With MCAS fast approaching, we have been doing a lot of work with math formulas. Students have been calculating area and volume for a variety of 2D and 3D shapes.  One new tool we have been using in class is Math IXL. This is a website where we can log on and complete math problems as a group.  The program gives immediate feedback, and if the answer is incorrect, it shows the steps to getting the correct answer.  There is virtually every math topic available from Pre-K to Twelfth grade, so it's a valuable tool to have in any classroom.

Human genetics has been the big topic in our Biology lessons. We have learned about Gregor Mendel (the "Father of Genetics") and done a lot of work with Punnett Squares.  Students have practiced crossing the biological codes for various genetic and physical traits. This topic is not an easy one to understand, however all the students seem to be enjoying the challenge, and are quite engaged in the group discussions.

We are moving along our time line in World History and are finishing up the Ancient Civilizations Unit with Ancient Africa. Soon we will be starting World History II, and learning about the Middle Ages and the Age of Ideas. 

In November we planned a travel-training trip to Wegman's in Burlington. Each group of students was given a list of items to find in the store, and they had to compare the prices of the name brand to the store brand.  They planned the whole trip from mapping out the store and figuring out the bus schedule, to leading the class discussions. It was a great real-world experience for all the students.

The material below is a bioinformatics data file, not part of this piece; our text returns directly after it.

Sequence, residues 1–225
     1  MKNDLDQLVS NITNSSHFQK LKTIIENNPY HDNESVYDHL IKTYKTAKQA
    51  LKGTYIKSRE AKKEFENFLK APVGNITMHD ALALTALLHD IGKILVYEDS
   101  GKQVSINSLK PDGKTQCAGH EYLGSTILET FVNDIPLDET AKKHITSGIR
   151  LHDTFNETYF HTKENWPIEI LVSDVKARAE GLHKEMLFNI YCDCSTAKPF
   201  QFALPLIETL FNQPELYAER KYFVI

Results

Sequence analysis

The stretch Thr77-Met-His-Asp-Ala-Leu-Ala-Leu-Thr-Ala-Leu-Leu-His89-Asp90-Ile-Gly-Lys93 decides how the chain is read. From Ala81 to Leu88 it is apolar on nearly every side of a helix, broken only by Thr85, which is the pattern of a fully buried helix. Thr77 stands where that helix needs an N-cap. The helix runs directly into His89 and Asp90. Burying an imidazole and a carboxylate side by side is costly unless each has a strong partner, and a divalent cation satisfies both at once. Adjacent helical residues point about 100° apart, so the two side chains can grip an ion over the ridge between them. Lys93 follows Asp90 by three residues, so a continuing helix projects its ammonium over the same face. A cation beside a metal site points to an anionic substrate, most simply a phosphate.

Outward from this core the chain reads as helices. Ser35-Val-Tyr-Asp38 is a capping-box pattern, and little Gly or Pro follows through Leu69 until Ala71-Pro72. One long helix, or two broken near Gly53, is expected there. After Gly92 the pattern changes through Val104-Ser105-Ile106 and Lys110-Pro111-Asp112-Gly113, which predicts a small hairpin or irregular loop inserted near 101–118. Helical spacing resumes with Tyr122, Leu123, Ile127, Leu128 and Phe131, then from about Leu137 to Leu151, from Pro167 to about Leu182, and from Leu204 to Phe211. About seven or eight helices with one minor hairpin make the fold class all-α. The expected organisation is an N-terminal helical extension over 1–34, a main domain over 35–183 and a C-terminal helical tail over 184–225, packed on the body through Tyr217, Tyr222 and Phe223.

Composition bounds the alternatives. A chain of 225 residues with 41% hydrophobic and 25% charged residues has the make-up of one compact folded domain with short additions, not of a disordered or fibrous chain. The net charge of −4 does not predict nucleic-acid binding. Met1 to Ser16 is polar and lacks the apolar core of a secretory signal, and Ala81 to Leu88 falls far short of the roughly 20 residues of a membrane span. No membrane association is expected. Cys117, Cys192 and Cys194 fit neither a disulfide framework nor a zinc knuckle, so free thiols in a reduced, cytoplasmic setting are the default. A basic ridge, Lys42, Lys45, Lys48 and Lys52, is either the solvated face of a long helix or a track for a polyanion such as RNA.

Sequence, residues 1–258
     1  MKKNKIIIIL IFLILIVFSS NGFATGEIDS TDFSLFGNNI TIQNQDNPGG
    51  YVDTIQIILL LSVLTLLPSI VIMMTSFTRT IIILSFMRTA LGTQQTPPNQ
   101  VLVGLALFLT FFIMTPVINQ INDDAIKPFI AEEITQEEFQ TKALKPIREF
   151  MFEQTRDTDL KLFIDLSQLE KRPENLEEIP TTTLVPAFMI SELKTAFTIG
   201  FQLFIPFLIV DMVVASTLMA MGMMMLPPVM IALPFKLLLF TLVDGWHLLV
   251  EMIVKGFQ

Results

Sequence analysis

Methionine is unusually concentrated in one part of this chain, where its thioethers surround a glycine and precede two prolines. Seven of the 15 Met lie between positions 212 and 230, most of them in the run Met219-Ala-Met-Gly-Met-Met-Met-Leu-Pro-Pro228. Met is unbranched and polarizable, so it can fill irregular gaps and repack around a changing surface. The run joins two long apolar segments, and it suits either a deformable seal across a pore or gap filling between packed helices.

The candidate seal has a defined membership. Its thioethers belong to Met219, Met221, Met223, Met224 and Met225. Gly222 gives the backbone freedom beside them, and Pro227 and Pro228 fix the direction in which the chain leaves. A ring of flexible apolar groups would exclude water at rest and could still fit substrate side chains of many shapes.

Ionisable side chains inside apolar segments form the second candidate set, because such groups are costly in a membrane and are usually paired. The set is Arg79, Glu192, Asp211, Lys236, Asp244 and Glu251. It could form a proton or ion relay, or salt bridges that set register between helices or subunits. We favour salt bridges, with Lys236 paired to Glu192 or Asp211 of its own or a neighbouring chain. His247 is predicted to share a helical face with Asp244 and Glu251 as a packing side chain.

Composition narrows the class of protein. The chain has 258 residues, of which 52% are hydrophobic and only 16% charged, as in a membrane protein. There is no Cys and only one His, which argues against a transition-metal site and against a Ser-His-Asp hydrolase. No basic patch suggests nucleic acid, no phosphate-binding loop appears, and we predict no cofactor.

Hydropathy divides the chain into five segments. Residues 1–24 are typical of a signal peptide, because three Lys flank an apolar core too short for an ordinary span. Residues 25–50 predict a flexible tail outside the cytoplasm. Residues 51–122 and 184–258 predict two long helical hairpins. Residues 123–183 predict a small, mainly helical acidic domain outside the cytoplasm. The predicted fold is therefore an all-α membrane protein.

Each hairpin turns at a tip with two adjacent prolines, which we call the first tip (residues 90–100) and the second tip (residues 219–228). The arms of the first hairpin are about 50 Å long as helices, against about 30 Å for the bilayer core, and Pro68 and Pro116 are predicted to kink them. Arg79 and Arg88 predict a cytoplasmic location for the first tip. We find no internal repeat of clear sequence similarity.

The most rewarding event we participated in was the annual Secret Santa charity that Laurie Harrington organizes every year. We were given 8 year old twin girls to shop for this holiday season. The students planned out what to buy, estimated the cost, shopped, and wrapped the gifts. Thanks to the generous donations from our students and their families,  these two girls were given a wonderful holiday.
Please check out our slideshow at: 

Teachable Moments at LABBB Chenery Middle School, Room 112
By: Sarah Bennett

January 19, 2015, our nation celebrated Martin Luther King Jr. Day. It was a day of remembrance and a day to celebrate what our nation has overcome and become.


As a teacher, I felt it was essential to explain to my students the importance of Martin Luther King Jr. Day and why we celebrated that day. I read my students a book entitled "Martin's Big Words" and was struck by the first quote in the book. "You are as good as anyone". This, I realized, was the message I wanted to portray to my students.


"You are as good as anyone".


I spent the week of January 19th taking the time to teach about equality, peace, and love. They learned about the life of Dr. Martin Luther King and how he cared for all people, and how people all over the world admired him. They learned about his words and how they are still true for us today.The students of room 112 then created a piece of artwork that depicted the life of Martin Luther King and how his message is still alive and meaningful to this day. They each made a poster with their two handprints; one white handprint and one colored handprint, and attached a poem. The poem read,


"I can change the world with my own two hands.

Make a better place with my own two hands.

Make a kinder place with my own two hands"


Dr. Martin Luther King Jr.


Room 112 learned the importance of Martin Luther King Jr. Day this year, and I feel incredibly proud and blessed to have had this teachable moment with my students who are as good as anyone. 

Preparing for MCAS Season
By: Sue Good